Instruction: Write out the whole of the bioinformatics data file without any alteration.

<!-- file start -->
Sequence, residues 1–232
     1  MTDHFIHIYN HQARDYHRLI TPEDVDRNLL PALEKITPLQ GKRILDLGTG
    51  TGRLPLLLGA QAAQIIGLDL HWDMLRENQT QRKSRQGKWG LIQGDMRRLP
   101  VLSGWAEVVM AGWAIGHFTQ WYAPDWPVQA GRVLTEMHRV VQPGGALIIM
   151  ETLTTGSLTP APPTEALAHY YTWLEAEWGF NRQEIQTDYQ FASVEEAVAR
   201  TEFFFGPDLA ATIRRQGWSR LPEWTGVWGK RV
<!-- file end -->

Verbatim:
Sequence, residues 1–232
     1  MTDHFIHIYN HQARDYHRLI TPEDVDRNLL PALEKITPLQ GKRILDLGTG
    51  TGRLPLLLGA QAAQIIGLDL HWDMLRENQT QRKSRQGKWG LIQGDMRRLP
   101  VLSGWAEVVM AGWAIGHFTQ WYAPDWPVQA GRVLTEMHRV VQPGGALIIM
   151  ETLTTGSLTP APPTEALAHY YTWLEAEWGF NRQEIQTDYQ FASVEEAVAR
   201  TEFFFGPDLA ATIRRQGWSR LPEWTGVWGK RV